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A Journal on Anesthesiology, Resuscitation, Analgesia and Intensive Care
Minerva Anestesiologica 2016 October;82(10):1089-97
Whole-exome sequencing of a family with local anesthetic resistance
Nathan CLENDENEN 1, Ashley D. CANNON 2, Steven PORTER 3, Christopher B. ROBARDS 3, Alexander S. PARKER 4, Steven R. CLENDENEN 3 ✉
1 Yale University School of Medicine, New Haven, CT, USA; 2 Department of Genetics at the University of Alabama, Birmingham, AL, USA; 3 Department of Anesthesiology, Mayo Clinic, Jacksonville, FL, USA; 4 Department of Health Sciences Research, Mayo Clinic, Jacksonville, FL, USA
BACKGROUND: Local anesthetics (LA) work by blocking sodium conductance through voltage-gated sodium channels. Complete local anesthetic resistance is infrequent, and the cause is unknown. Genetic variation in sodium channels is a potential mechanism for local anesthetic resistance. A patient with a history of inadequate loss of sensation following LA administration underwent an ultrasound-guided brachial plexus nerve block with a complete failure of the block. We hypothesized that LA resistance is due to a variant form of voltage-gated sodium channel.
METHODS: Whole-Exome Sequencing. The patient and her immediate family provided consent for exome sequencing, and they were screened with a questionnaire to identify family members with a history of LA resistance. Exome sequencing results for four individuals were referenced to the 1000 Genomes Project and the NHLBI ESP to identify variants associated with local anesthetic resistance present in less than 1% of the general population and located in functional regions of the genome.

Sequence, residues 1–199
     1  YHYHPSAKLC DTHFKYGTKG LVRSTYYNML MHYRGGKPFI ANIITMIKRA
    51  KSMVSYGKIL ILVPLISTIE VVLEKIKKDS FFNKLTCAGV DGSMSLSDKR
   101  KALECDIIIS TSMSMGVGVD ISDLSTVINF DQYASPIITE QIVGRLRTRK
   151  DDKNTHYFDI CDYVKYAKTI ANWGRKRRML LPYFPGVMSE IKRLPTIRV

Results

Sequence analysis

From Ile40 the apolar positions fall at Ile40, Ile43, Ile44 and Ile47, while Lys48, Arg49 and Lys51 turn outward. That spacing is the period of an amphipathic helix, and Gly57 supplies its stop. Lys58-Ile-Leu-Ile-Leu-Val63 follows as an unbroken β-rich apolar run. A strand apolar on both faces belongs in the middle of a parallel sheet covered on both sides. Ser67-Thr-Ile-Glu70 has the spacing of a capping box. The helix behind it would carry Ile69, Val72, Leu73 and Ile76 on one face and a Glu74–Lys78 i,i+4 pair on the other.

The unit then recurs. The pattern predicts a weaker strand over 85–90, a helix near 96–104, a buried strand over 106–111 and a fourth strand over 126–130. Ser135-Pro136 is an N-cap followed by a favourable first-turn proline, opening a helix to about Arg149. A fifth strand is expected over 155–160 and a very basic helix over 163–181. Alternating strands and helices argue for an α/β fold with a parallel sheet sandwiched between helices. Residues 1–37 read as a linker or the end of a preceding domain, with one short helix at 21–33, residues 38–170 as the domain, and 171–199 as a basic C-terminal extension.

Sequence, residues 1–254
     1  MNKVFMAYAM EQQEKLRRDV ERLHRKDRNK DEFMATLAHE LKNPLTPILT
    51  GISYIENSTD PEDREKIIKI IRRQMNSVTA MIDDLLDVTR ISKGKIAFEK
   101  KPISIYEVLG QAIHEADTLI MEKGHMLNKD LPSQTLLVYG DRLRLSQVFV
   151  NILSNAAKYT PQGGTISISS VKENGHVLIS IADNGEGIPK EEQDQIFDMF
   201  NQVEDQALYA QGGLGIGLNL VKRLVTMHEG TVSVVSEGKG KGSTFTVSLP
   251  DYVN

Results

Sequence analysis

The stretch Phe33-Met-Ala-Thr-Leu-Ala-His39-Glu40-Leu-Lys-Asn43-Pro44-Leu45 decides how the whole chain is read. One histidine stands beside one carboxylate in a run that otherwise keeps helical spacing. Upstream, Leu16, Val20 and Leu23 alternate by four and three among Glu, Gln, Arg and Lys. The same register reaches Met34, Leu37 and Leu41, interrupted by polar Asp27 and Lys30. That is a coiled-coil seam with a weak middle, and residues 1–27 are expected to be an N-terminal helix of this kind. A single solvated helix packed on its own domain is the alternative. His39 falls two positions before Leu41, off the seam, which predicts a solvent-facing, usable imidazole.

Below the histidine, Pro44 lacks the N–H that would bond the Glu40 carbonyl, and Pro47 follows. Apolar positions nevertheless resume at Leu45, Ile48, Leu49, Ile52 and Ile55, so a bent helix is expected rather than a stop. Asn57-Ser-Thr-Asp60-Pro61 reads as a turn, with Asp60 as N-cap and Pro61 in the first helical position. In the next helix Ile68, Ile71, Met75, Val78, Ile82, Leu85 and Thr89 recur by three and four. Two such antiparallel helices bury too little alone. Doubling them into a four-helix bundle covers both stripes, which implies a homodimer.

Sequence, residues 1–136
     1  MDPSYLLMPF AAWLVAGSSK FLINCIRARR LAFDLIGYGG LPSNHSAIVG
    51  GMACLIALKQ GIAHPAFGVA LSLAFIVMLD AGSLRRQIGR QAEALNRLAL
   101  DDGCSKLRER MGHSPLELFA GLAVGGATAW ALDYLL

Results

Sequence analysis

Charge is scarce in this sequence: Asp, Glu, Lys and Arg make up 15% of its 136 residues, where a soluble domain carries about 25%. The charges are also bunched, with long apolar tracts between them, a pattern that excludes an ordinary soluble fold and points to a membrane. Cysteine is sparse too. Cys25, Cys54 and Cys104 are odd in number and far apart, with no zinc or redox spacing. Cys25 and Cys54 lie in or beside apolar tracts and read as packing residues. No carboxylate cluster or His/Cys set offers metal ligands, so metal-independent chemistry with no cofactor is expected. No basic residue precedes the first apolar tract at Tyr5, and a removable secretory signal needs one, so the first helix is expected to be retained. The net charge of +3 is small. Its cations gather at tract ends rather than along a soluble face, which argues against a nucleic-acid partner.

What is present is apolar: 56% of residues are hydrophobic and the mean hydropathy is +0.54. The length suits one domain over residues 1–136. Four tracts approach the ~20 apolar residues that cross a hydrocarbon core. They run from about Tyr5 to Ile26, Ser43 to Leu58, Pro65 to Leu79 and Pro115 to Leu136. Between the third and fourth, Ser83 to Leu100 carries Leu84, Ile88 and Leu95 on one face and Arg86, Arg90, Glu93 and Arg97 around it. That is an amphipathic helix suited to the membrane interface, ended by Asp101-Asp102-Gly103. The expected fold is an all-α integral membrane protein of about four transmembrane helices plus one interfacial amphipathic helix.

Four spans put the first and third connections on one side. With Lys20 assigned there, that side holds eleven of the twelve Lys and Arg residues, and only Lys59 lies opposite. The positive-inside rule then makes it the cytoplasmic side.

RESULTS: Exome sequencing of the four family members identified one genetic variant in the voltage-gated sodium channel shared by the three individuals with LA resistance but not present in the unaffected family member. Specifically, we noted the A572D mutation in the SCN5A gene encoding for Nav1.5.
CONCLUSIONS: We identified a genetic variant that is associated with LA resistance in the gene encoding for Nav1.5. We also demonstrate that Nav1.5 is present in human peripheral nerves to support the plausibility that an abnormal form of the Nav1.5 protein could be responsible for the observed local anesthetic resistance.